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markwoods
04-22-2007, 07:42 PM
Dear forum,

I have a few questions, and I'd be very grateful for any input you can offer.
I have read the excellent MacGurus guide to storage acceleration and guide to phototoshop acceleration.

THE PHOTOSHOP WORK I DO:
*wet-mount raw scans of 6x7 cm film using silverfast software on microtek artixscan 120tf 4000dpi scanner: resulting 16-bit TIFF file is typically 550 MB in size.

*working in Photoshop CS2 on same file, adding multiple layers makes file 1 GB to 1.4 GB in size

*my system's limitations show up most painfully when I OPEN a file (this can take five minutes) SAVE a file (this can take more than ten minutes!), when i FLATTEN the image's layers for printing (this can take 5 minutes), and when i CONVERT the file from 16-bit to 8-bit (this can take 5 minutes). most other operations in Ps CS2 are fast enough (not snappy, but fast enough) for me to stay with my current processor for the time being.

THE HARDWARE I HAVE:
*Power Mac G5 dual 1.8GHz, made in 2004, with only 4 slots for RAM (not 8 slots).

(I'm told by Stephen that this has quite limited bus speed, as compared with other dual-processor G5s, and that this hardware will not benefit much at all from adding a RAID array.)

*one internal seagate 80GB 7200rpm SATA drive. this is half-full (it has 39 GB on it): it holds my OS and my Users folder, but NOT my photoshop image files.

*one internal Western DIgital 400 GB 7200rpm SATA drive. this holds my photoshop image files, but not my user folder.(This WD drive turns out to cause the G5 to hang up occasionally, requiring a re-boot; to avoid this, i recently learned, i can connect it with a host card adapter [see below].)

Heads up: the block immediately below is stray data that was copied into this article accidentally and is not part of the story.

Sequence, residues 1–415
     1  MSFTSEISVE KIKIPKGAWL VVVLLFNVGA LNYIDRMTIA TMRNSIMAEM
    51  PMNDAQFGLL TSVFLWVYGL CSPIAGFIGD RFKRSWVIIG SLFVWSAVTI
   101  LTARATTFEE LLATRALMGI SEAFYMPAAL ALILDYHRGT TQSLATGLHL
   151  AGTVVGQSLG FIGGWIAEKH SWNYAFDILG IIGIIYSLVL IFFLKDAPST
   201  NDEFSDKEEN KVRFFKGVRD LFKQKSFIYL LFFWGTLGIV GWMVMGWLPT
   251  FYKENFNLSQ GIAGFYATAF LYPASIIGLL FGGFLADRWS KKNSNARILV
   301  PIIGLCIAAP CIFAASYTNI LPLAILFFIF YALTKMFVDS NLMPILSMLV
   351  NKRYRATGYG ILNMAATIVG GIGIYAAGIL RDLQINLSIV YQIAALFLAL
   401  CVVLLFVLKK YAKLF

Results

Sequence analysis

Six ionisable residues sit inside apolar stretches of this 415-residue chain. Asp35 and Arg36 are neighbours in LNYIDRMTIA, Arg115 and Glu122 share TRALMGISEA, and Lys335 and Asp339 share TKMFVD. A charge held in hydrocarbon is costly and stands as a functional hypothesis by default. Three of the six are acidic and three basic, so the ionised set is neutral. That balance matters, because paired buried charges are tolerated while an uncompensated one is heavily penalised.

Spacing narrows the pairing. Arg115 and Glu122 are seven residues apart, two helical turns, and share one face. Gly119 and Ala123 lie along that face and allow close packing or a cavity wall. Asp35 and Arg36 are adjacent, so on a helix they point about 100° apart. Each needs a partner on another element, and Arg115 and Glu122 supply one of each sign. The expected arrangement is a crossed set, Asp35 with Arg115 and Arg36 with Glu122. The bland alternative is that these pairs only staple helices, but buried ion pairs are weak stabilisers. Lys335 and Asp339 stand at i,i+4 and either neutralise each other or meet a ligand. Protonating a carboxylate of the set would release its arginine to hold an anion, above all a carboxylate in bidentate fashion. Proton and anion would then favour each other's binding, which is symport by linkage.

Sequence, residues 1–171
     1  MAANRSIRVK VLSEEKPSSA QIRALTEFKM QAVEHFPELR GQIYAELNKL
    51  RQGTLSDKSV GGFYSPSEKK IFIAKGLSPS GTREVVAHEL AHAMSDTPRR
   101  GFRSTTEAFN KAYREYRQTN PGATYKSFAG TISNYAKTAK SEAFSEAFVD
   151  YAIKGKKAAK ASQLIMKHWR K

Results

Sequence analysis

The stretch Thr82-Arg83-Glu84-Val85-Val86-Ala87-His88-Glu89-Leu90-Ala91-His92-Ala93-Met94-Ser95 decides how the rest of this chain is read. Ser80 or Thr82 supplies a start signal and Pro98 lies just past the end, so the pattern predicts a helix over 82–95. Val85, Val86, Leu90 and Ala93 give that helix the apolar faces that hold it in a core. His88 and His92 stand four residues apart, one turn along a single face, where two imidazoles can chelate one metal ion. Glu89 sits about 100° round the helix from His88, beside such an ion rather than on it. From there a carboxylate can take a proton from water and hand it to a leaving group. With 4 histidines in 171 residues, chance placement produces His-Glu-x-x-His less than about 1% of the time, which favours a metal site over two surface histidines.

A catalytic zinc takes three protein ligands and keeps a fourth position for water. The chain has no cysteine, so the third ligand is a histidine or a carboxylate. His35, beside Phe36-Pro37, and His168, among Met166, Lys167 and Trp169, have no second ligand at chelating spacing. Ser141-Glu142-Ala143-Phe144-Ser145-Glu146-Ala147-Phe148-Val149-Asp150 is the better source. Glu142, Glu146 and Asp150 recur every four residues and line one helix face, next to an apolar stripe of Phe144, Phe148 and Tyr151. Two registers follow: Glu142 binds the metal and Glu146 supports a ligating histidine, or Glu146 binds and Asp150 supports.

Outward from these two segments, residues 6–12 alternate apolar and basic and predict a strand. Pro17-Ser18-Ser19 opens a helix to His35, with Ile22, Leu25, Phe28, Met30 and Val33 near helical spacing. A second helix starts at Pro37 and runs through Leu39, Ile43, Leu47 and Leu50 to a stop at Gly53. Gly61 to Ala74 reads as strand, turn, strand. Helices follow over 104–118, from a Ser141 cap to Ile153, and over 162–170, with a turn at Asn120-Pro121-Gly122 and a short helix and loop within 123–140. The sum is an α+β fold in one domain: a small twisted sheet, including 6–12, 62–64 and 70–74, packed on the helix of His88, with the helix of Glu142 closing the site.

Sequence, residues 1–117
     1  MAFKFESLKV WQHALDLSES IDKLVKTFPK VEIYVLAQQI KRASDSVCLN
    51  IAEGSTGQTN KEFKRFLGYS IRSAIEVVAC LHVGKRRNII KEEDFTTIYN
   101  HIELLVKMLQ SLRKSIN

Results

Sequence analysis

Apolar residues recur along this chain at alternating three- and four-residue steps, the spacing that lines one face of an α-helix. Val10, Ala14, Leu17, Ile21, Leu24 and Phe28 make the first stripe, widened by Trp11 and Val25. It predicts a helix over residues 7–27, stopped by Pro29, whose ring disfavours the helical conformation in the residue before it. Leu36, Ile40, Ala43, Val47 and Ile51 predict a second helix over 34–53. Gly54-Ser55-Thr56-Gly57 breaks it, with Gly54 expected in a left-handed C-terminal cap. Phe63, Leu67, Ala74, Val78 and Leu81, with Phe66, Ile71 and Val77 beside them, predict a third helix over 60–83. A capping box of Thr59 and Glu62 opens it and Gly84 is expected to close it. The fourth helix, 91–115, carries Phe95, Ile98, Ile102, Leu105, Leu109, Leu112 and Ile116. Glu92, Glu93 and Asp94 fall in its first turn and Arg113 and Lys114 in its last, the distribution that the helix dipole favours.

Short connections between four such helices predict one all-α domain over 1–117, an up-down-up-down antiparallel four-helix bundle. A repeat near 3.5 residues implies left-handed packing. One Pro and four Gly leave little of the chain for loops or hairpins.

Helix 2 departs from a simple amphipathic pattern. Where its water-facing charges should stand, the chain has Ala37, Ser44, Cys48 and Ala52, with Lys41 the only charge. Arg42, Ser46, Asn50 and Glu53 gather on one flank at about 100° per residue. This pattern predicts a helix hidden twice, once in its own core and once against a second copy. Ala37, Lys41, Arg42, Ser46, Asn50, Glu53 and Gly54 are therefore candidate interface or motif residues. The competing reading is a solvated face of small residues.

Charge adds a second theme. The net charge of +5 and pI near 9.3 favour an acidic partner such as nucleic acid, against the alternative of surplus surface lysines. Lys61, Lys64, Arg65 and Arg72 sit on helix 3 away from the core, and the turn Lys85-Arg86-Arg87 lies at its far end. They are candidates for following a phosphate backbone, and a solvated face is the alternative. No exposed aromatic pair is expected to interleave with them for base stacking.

*two 500 GB external firewire drives
*two 300GB external USB drives
*I have 2.25 GB of RAM, but I'm about to buy 2 more GB to max out at 4GB.

THE HARDWARE I'M INTENDING TO BUY:
*2GB of RAM, of course.
*two Hitachi T7K500 500 GB SATAII HD 16MB Cache 7200rpm drives to occupy both internal drive slots in the G5
*a 2-drive external enclosure to hold my old seagate 80GB drive and my old WD400GB drive.
*a seritek host card adaptor for connecting the external enclosure to the G5.

THE PLAN: I'd be very grateful for any amendments or directions you can offer on this topic.

Drive A: first newly internal Hitachi 500GB drive: partition into 2 volumes:
first (faster) volume, "volume A1," of 100GB to hold OS and Users folder but NOT photoshop image files.

(Question: how much space should I leave free on volume A1 for optimum performance? is 50% free of 100GB optimal? is 60% free of 100GB better? Is 50% free of 150GB better still? or does that cut into the other volume's space too much (indirectly cutting into the space of "volume B1" on Drive B, which is to be the WorkDisk/ScratchDisk)?

second (slower) volume, "volume A2" of remainder GB (almost 400GB) as backup for 400GB "volume B1" of the OTHER internal Hitachi Drive, a.k.a. Drive B.

Drive B: second newly internal Hitachi 500GB drive: partition into 2 volumes:

first (faster) volume, "volume B1" of almost 400GB as designated WorkDisk/ScratchDisk for large photoshop image files;
second (slower) partition "volume B2" (exactly 100GB) as backup for 100GB volume 1 (OS volume) of the OTHER internal Hitachi Drive, a.k.a. Drive A.
(Question: how much space should I leave free on this WorkDisk/ScratchDisk for optimum performance? is 50% free of almost 400GB optimal? is 60% free of almost 400GB better? Is 50% free of 300GB just as good, with the additional advantage of indirectly allowing "volume A1" on Drive A to be 150+GB?

Drive C: old Seagate 80GB drive, in external enclosure: disk designated for running the Photoshop Application? How would I set this up? any pitfalls to watch out for? should i partition this drive, or leave the whole thing for Photoshop? or is it better to run photoshop off Drive D?

Drive D: old WD 400 GB Drive: second scratch disk? Storage disk? Both storage and scratch disk? how large should an empty volume on this disk be in order to be useful as a scratch disk? volume 1 or volume 2? if i run the Photoshop Application off of this drive, how large should the volume for that be? should it be volume 1, the faster, outside volume, leaving volume 2 for scratch disk space? or vice versa?